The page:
No, not Mawata Jones, Mawata McPhail…
(Sorry. Couldn’t help myself.)
So, after Stephanie changed my worldview in one paragraph, she proceeded to not only teach us how knit with mawata, but how to make them. It’s tempting to try it, but I have a feeling I would go crazy after (during?) the first one.*
I had never handled silk cocoons before, although I did know they come with the moth. Squeamish? Vegan? Next few paras have interesting info, but are a little blech, so look out.
You can buy silk cocoons all over the place: Treenway, Carolina Homespun, festivals all over the US… You soak the cocoons for about an hour in water, washing soda, and Orvis paste**, take them out, gently probe your way inside, and remove the dead moth, which has been stifled inside the cocoon. Some folks have issues with silk because of this.
Silk worms arranged in “order of maturity.” Left to right, you can see the legs disappear and the wings begin to emerge. At the far right, the wings are the stripey part.
Pertinent facts are: silk would not be silk if the moth was allowed to emerge. That would change a mile-long, cohesive filament into a hash of two-inch fibers. It’s done, there is vegan silk, but it’s not the same product. It’s more like cotton, lots of very short fibers. Also, once the moth emerges, it immediately mates, then dies. So stifling the moth before emergence is not, as Stephanie puts it, going to truncate a long and joyous life. It does miss getting laid, but that’s apparently not a great loss in the emotions of a moth. Fact the third, these moths are not endangered. Not even close.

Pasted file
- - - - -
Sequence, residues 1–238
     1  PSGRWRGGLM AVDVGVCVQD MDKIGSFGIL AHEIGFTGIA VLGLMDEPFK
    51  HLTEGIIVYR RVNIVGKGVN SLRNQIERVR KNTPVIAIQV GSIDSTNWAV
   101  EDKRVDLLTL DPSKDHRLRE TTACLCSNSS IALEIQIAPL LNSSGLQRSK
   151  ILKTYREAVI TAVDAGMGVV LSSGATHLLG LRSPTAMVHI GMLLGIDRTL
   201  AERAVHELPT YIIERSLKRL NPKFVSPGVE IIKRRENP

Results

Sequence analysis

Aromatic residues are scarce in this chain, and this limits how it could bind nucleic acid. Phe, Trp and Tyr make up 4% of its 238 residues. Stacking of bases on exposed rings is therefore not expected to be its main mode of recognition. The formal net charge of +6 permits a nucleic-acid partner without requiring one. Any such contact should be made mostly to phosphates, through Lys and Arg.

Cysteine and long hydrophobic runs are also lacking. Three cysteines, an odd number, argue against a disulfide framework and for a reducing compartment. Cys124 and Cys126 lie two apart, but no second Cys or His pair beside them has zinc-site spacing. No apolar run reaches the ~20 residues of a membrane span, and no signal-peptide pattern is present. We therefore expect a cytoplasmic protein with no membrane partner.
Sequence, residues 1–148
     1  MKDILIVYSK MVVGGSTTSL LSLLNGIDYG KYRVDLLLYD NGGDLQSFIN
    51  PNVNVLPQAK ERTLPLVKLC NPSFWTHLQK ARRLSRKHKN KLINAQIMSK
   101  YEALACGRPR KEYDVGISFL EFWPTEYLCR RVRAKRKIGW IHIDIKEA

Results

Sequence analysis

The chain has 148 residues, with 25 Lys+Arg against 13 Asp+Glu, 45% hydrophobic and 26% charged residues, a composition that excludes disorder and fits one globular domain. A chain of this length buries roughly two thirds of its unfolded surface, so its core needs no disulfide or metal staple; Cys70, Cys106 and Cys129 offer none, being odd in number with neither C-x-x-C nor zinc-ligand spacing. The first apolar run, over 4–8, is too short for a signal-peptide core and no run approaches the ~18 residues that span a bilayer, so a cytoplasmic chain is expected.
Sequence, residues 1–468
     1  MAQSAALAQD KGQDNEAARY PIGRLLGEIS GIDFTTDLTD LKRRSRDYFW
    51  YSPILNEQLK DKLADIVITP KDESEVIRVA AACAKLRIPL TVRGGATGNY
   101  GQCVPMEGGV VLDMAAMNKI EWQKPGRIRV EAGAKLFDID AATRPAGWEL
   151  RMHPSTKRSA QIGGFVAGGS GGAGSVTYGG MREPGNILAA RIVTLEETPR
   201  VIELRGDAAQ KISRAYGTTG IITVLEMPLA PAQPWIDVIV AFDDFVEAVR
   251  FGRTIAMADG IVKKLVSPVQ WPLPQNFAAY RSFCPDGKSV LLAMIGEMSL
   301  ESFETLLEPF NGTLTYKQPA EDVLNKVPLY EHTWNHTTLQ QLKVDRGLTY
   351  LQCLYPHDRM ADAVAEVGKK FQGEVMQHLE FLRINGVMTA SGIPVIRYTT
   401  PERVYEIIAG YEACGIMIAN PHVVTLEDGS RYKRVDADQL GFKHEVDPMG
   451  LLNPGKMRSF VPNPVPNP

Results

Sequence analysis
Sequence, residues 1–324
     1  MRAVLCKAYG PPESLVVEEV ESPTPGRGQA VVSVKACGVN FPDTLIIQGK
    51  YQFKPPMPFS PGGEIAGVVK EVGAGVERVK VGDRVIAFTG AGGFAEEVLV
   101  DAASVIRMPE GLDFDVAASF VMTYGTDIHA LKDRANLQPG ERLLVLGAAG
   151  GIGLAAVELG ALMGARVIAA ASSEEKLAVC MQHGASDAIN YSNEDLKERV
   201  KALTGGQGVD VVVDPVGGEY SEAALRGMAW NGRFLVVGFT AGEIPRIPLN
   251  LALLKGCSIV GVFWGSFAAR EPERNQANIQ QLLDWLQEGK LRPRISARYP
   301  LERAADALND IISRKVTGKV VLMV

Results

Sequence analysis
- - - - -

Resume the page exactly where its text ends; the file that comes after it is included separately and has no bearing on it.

There are arguments and counter-arguments for using silk this way. Personally, I eat meat. Red meat. I have no moral box to stand upon, should I attempt to argue against using silk.
You remove the moth, and stretch the silk over a frame meant to hold, oh I don’t know, twenty-five? Thirty? cocoons. Maybe more, maybe less; I didn’t ask.
They are then left to dry, washed in water and a splash of vinegar to correct their Ph, and voila! Mawata! They can be dyed or used as is.
We worked with both dyed and undyed mawata. Here are the ones I chose. The dye job, by Indigo Dragonfly, is stunning:
Remove one silk handkerchief from the pile, split it in the middle with your thumbs, stretch it out… and KNIT WITH IT. (That last part is really exciting.) It’s so strong it doesn’t need twist to hold together.
I thought it would be fragile, but once I began I quickly became accustomed to its durability. It’s a bit of a mess, and kind of hard to handle because it floats everywhere and sticks to everything. Windy days and waiting in the tube station are just not on. Otherwise, heave to.
McPhee gave us a pattern for a baby bonnet, and I’m finding it an oddly satisfying knit. I don’t have children, grandchildren, or any baby in the likely future that I’ll be making this for, but I do think I’ll finish the pattern, if only to have the experience of knitting a complete item with the mawata. From there, I plan to dye my own silk and midgod, I might make some mittens.
*Possibly this is a use for my third clone, although it doesn’t seem like a terribly good use of clone-time.
**Buy a small bottle at your local quilt shop, or a large tank at your local feed store. Small bottle=big price; giant tank=cost effective. Also very popular product for washing raw fleece.